Mixed reactions have trailed the Federal Government’s review of fees for the Unified Tertiary Matriculation Examination, Senior Secondary Certificate Examination and Basic Education Certificate Examination.
Some stakeholders, who spoke to the News Agency of Nigeria in Abuja on Thursday, commended the gesture and urged the government to overhaul the education sector.
NAN reports that the Federal Executive Council on Wednesday approved the downward review of the examination registration fees which will take effect from January 2019.
An entrepreneur, Mr Sunday Ukachukwu, described the action as a “good step” in the right direction.
“I give the Federal government credit for the downward review, but I think they can still do better because the reduction is not so significant.
“If they reviewed the fees by 50 per cent, the reduction would have been significant, but what you have is 13 per cent reduction,’’ he said.
A Public Affairs Analyst, Mr Ben Ekiyi, commended the Federal Government for the reduction saying that it would ensure inclusiveness among other things.
“It is a good thing because any reduction in prices of goods or services always makes the masses happy, especially in these times where many people are facing a lot of hardship.
“I feel this reduction will ensure inclusiveness as more students will now be able to write these examinations.
“Since more students will now be able to write the examinations, hidden potentials will be exposed, because we have some intelligent students who have not been able to afford the examination fees,’’ he said.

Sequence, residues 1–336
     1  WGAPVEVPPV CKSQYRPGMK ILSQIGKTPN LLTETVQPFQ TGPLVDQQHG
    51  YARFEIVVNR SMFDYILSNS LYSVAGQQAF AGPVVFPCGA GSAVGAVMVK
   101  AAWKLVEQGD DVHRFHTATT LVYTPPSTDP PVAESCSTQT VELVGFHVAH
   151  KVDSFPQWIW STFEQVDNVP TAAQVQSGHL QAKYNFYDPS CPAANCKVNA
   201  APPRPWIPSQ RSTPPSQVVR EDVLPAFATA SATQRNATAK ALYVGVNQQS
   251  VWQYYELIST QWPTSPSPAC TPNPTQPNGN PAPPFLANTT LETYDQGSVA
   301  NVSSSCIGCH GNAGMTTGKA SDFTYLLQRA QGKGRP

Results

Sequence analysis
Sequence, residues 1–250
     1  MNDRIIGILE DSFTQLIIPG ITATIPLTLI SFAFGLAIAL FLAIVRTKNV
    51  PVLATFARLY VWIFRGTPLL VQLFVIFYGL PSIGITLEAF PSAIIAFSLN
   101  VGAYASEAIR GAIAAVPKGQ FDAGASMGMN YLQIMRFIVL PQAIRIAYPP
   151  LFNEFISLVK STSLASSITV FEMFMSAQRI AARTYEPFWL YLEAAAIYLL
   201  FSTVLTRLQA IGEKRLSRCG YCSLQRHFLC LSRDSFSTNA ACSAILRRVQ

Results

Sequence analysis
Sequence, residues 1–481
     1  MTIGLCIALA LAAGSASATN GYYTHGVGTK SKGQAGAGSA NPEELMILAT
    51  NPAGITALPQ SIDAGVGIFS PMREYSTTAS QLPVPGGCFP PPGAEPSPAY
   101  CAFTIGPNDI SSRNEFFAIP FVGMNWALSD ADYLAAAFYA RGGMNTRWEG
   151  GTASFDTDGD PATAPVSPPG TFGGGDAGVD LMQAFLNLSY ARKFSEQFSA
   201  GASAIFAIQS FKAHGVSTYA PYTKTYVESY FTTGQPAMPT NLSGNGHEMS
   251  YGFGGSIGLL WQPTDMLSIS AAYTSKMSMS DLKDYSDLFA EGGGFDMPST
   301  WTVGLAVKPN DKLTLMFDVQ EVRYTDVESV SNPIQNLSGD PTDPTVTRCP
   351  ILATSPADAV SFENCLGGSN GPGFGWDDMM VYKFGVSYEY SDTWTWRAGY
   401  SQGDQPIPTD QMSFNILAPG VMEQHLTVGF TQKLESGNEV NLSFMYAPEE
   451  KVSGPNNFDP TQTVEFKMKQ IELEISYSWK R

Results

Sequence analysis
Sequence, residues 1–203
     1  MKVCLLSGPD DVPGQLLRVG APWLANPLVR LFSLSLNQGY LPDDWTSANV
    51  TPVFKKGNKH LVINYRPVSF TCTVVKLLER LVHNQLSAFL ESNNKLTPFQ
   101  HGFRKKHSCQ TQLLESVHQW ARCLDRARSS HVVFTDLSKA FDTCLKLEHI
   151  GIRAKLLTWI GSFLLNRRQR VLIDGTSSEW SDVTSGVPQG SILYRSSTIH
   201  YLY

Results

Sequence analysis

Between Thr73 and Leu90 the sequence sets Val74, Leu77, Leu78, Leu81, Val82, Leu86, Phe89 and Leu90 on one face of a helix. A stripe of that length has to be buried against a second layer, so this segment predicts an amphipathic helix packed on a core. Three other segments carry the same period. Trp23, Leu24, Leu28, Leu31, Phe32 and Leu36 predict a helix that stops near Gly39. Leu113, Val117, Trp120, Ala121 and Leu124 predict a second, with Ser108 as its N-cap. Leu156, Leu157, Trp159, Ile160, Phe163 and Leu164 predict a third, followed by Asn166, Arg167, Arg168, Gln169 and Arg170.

A parent, Mrs Lelo Apena, said the reduction of fees was a diversion from the real issues plaguing the education sector, such as poor quality of education, dilapidated infrastructure and out-of-school children.
According to her, this kind of reduction does not make any sense; N1,500 difference will not solve the problems bedevilling the education in Nigeria.
“I tell you, reduction in these fees is a kind of diversion from the real issue; has the government thought of reducing tuition fees so that those who are qualified will be enrolled and do not drop out for lack of fees.
“Our tertiary institutions are always on strike; is it the reduction of JAMB fees and NECO that will solve the problem of poor quality of students and lecturer?
“Are the out-of-school children and their parents and guardians being helped to ensure their children are enrolled in school and not drop out before completion for various reasons?’’ she queried.
Apena was of the opinion that states government should take over the payment of JAMB and NECO fees for poor students in their communities.
A retiree, Ms Ruseh Okaro, who also spoke to NAN, said the reduction was a welcome development, however, she said the quality of education was still a major cause of concern.
“It is a welcome development but I do not think the fees should have been as high as that in the first place, given the importance of education to the wellbeing of a nation.
“I also hope this reduction is sustainable and a holistic approach was used to arrive at these new fees”.
A parent, Mr Shittu Ahmed, said the reduction was commendable, however, government should look into other areas of the sector such as dilapidated infrastructure and lack of learning materials.
A public servant, Mrs Folakemi Aina, said the reduction in the fees was long overdue and wondered why the government was coming out with a lot of policies now that elections were drawing closer.